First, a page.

How to run image detection in ARKit and animate changes of the virtual content heading and position based on it

In this tutorial, I will show you how to use image recognition in ARKit, place virtual content on top of a recognized image and work with scale. Also, you will learn how to animate changes of the heading and position based on the image’s transform smoothly.

Apple’s ARKit 1.5 release brought a lot of exciting features to the iOS augmented reality ecosystem. While vertical planes detection, higher resolution, and autofocus all seem like deepening already existing functionality, image recognition API provides us with a tool to use a detected real-world image as an anchor for a virtual content or a trigger for some actions.

In many cases, AR content should be aligned with the real-world image or object in order to look natural and fine looking to the user. One of the best practice is placing virtual content on top of the static images.

Static images are preferable not only because you can prepare the user’s environment by adding more light, removing obstacles, etc. but also because they don’t move. AR poster can be perhaps the most common use case. In fact, Apple used poster as an example in their Recognizing Images in an AR doc.

AR Poster by post.print

However, sometimes it is required that real-world anchor’s position is dynamic, so virtual content needs to follow the position changes.

Imagine a tabletop game where virtual characters are glued to the cards with their images.     

Lightseekers game

Because a user can move the recognized image, AR avatar should follow real-world object’s position changes. Implementing such functionality can be tricky and is not provided by ARKit out of the box.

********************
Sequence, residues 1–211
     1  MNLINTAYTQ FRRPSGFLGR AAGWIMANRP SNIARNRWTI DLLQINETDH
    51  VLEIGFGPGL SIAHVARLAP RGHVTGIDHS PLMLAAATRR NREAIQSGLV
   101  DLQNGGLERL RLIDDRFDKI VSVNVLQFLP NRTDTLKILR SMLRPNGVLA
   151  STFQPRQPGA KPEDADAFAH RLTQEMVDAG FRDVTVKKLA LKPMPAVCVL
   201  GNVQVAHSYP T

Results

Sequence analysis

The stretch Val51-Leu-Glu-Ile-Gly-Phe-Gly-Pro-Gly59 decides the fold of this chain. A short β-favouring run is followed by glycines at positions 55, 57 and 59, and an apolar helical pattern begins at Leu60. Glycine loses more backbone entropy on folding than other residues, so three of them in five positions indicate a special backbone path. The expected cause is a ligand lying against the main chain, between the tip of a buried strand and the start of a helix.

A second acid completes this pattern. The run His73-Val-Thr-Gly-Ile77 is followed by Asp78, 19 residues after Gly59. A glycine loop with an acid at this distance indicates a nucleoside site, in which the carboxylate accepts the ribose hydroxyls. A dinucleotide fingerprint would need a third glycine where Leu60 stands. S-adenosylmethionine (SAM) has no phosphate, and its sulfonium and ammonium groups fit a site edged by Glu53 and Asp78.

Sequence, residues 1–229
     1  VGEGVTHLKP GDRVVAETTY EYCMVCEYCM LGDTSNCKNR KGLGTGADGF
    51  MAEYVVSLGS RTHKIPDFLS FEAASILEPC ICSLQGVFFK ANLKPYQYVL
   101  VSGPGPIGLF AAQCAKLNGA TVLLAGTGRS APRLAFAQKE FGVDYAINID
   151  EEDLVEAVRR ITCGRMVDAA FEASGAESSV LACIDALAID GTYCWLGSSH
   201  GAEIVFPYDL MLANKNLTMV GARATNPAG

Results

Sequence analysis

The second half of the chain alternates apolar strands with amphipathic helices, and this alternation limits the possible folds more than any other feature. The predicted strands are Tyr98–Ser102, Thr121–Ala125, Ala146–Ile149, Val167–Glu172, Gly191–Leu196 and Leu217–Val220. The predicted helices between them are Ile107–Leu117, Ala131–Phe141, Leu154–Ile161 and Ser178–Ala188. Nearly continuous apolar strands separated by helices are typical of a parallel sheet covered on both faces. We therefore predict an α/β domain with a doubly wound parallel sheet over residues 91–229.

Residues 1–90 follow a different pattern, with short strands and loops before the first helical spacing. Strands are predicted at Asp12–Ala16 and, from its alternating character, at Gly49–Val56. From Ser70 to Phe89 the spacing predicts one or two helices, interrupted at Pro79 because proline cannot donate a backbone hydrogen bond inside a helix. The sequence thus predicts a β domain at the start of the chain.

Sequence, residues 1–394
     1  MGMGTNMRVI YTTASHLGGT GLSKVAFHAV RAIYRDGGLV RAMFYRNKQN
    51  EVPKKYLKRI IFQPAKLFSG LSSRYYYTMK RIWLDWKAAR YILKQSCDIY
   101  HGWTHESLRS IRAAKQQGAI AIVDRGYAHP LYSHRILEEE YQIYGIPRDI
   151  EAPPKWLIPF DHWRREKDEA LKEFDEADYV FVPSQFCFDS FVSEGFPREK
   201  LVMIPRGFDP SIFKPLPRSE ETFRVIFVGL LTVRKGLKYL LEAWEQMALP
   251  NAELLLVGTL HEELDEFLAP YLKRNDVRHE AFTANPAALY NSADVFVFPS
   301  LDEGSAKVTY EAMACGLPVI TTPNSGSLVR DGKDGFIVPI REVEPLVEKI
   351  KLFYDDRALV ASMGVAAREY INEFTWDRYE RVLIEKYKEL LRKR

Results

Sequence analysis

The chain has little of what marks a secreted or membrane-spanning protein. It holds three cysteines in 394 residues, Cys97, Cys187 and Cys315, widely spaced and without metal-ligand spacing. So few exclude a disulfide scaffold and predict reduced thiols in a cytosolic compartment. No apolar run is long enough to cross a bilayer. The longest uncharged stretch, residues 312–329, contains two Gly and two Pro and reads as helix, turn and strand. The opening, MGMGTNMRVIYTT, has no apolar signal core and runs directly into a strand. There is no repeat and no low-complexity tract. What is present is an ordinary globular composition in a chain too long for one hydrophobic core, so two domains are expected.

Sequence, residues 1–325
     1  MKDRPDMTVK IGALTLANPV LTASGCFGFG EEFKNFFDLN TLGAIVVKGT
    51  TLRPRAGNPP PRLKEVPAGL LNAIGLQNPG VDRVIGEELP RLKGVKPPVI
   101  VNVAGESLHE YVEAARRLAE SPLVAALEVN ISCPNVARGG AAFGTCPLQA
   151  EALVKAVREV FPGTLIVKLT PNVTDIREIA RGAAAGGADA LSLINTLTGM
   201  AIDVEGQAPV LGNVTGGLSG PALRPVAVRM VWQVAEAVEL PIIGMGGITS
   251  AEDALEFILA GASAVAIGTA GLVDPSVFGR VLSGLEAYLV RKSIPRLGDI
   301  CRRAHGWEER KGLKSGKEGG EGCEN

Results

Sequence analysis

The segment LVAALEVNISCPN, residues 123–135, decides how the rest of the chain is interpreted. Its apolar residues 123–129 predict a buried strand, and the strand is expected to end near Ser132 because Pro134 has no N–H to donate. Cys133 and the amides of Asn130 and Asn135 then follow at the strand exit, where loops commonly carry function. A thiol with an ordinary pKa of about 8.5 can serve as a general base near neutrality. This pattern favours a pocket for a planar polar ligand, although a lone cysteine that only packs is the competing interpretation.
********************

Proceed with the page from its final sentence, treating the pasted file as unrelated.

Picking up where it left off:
You can use image tracking that was added in ARKit 2.0, but in this case, you will lose the possibility to track planes. So how can we add the support for dynamic image tracking and with plane detection?

Let’s build an app that can handle it.


We will build an image recognition application, which means that we need a device with iOS version 11.3 or higher. Other requirements are basic for any ARKit app.

To start, you will need the following:

Once you have those, you are ready to go.

Project setup

Download the starter project. It is based on the xCode’s Augmented Reality App template. The project contains pdf of the anchor image that we are going to detect on the scene and an AN-225 “Mriya” plane model that we are going to place on top of the detected image.

I had also added plane’s image to a special container inside of Asset.xcasset folder — AR Resource Group.

Creation of AR Resource group in Asset.xcasset folder
AR Reference Image settings window

Each AR asset image needs to have the physical size set as accurately as possible because ARKit relies on this information to determine how far the image is from the camera.

Finally, when we have it all set up, we can start the coding.

Coding time

In code, we will need to achieve the following goals:

  1. Enable image recognition of the image that we added.